Customers order their food online then collect from a warehouse, with bags pre-packed and loaded into the boot by Amazon employees.

And the company’s proven ability to shake up the markets in which it operates seems to be paying off.

Amazon’s share price has surged by close to 50 per cent over the last year to a record high, valuing the company at well over $400bn. Profits last year increased nearly three-fold to $2.4bn on sales of about $136bn, partly thanks to the launch of its Amazon Echo home assistant and the popularity of its media streaming services for Amazon Prime members.

Founder Jeff Bezos recently overtook Warren Buffett in a Bloomberg ranking of the world’s richest people, to nab second spot after Microsoft founder Bill Gates.

Mr Bezos, who is also Amazon's chairman and chief executive, is now worth $75.6bn – which marks a massive $10.2bn increase so far in 2017.

By Josie Cox

Firms lay groundwork for exodus of London jobs

Gideon Benari/flickr

( via – – Tue, 4 Apr, 2017) London, Uk – –

Lloyd’s of London and Royal London set up subsidiaries outside of UK as JP Morgan and Citigroup explore relocation options

A growing number of leading City firms have revealed they are now laying the groundwork for an exodus of thousands of jobs from London after Britain’s vote to leave to EU.

Just a day after Theresa May formally triggered the process for Brexit it was confirmed that the insurers Lloyd’s of London and Royal London are setting up subsidiaries outside the UK, while the investment banks JP Morgan and Citigroup are actively exploring the relocation of key operations.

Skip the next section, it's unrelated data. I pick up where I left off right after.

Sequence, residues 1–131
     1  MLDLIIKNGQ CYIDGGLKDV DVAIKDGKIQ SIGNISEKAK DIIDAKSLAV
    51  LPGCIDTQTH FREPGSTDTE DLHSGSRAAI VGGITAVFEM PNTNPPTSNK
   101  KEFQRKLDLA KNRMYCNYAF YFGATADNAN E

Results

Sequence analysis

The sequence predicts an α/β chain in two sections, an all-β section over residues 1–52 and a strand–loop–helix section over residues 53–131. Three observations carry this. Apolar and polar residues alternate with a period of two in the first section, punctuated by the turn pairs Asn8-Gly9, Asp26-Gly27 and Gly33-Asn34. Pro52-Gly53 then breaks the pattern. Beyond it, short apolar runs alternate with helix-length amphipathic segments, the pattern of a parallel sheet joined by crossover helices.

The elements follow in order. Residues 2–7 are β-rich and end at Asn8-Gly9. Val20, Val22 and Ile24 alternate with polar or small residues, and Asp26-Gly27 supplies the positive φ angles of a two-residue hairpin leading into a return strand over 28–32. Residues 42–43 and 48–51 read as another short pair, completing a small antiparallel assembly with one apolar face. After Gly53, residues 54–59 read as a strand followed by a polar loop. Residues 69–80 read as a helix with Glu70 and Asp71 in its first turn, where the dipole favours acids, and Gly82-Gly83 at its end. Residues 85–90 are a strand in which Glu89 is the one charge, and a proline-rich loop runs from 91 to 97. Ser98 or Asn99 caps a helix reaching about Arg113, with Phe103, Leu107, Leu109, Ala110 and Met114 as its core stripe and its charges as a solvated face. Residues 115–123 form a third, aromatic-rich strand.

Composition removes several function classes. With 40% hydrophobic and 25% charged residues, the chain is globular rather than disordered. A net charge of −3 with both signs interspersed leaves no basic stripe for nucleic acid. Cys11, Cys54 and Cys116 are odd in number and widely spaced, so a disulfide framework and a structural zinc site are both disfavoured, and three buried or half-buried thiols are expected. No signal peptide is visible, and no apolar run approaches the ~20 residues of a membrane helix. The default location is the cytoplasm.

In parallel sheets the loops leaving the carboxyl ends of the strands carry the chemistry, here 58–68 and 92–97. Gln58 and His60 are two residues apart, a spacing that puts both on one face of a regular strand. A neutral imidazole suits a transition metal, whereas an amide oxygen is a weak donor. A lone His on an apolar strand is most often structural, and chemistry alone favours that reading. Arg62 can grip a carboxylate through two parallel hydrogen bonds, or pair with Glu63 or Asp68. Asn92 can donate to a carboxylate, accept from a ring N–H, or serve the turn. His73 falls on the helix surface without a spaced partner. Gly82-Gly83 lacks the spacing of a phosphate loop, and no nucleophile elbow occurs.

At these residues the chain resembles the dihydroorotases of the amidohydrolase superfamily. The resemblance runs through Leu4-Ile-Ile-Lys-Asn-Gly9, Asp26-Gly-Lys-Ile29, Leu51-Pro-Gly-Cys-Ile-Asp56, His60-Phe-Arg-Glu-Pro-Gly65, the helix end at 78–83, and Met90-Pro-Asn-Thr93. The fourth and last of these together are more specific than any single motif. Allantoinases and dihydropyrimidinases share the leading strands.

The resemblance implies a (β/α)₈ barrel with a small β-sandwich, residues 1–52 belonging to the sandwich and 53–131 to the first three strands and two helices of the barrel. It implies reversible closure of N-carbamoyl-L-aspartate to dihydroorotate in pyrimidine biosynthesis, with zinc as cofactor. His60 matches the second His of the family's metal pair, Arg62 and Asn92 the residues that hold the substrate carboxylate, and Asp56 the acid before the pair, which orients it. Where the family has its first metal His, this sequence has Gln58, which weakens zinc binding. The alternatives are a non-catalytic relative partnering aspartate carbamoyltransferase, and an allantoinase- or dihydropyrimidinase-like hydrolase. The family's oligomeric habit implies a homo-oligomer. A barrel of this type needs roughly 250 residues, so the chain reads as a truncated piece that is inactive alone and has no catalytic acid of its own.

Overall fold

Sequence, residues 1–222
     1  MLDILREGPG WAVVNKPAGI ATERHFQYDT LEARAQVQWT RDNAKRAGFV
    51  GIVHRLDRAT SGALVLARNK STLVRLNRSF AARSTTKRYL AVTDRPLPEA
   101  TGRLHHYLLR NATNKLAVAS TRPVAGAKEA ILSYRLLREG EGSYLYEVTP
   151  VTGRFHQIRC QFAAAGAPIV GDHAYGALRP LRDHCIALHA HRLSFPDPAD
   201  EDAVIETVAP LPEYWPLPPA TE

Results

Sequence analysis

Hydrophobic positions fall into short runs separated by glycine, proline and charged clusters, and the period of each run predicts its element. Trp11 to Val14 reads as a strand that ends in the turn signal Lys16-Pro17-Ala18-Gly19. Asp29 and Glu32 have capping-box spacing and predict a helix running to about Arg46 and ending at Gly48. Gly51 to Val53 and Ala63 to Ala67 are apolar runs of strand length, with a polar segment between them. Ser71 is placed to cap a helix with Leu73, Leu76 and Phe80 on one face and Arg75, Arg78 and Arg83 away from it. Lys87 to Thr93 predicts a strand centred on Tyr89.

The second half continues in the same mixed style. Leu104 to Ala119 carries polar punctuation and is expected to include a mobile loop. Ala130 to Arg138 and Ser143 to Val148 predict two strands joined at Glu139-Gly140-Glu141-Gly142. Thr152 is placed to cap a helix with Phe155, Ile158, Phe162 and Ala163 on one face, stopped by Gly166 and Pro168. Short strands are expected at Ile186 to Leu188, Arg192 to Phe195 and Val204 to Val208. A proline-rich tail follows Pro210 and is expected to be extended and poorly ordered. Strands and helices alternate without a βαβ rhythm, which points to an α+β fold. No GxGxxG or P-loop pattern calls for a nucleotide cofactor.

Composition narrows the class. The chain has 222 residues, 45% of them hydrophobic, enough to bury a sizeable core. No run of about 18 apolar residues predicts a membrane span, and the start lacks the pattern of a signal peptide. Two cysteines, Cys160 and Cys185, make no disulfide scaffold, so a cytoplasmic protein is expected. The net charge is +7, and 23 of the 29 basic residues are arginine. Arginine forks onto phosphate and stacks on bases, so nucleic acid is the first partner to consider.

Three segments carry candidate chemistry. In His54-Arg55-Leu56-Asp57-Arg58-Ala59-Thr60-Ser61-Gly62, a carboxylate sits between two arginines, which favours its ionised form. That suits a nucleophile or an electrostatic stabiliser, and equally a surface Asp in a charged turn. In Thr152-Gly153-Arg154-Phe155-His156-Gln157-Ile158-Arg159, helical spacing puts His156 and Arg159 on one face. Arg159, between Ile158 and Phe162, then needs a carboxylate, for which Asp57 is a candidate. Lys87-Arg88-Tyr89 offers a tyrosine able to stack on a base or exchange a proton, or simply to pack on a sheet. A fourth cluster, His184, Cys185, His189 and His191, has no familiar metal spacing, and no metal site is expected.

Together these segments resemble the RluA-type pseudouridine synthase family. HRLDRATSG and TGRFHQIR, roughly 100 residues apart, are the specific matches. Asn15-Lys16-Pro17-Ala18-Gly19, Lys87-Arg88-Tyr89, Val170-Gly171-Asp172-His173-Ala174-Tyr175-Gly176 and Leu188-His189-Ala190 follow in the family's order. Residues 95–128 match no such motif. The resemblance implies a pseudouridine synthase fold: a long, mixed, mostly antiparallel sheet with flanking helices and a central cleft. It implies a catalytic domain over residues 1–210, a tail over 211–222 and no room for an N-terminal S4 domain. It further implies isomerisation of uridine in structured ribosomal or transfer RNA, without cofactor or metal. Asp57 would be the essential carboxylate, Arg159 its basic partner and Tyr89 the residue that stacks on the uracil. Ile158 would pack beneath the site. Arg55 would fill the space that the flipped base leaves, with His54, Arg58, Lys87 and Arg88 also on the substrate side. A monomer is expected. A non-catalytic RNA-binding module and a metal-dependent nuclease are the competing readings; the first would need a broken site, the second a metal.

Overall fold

Luxembourg also threw its hat into the ring in the battle to attract the European Banking Authority, which employs 159 people at Canary Wharf in London. Frankfurt and Paris also want to host the organisation.

JP Morgan is in talks to buy an office building in Dublin big enough to hold more than 1,000 workers, increasing speculation that it will move a substantial number of jobs from London as a result of Brexit. Citigroup said it was planning for a hard Brexit that would require “relocating certain client-facing roles to the EU from the UK”.

A number of banks and insurers have already confirmed they could move staff. Goldman Sachs is to move hundreds of bankers to Frankfurt and Paris, while HSBC could switch 1,000 investment banking jobs from London to Paris.

A key concern for financial firms is whether the UK will still hold passporting rights that allow British-based banks and insurers to do business in the rest of the EU.

Lloyd’s, the world’s biggest insurance market, confirmed that it will set up a subsidiary in Brussels to allow it to continue underwriting insurance policies across the EU. The new subsidiary will have about 60 staff. Lloyd’s employs 700 people in London out of global workforce of 1,000.

Inga Beale, chief executive of Lloyd’s, said: “I am excited about the opportunities this venture will offer the market by providing that important European access efficiently.

“It is now crucial that the UK government and the European Union proceed to negotiate an agreement that allows business to continue to flow under the best possible conditions once the UK formally leaves the EU.

“I believe it is important, not just for the City but also for Europe, that we reach a mutually beneficial agreement.”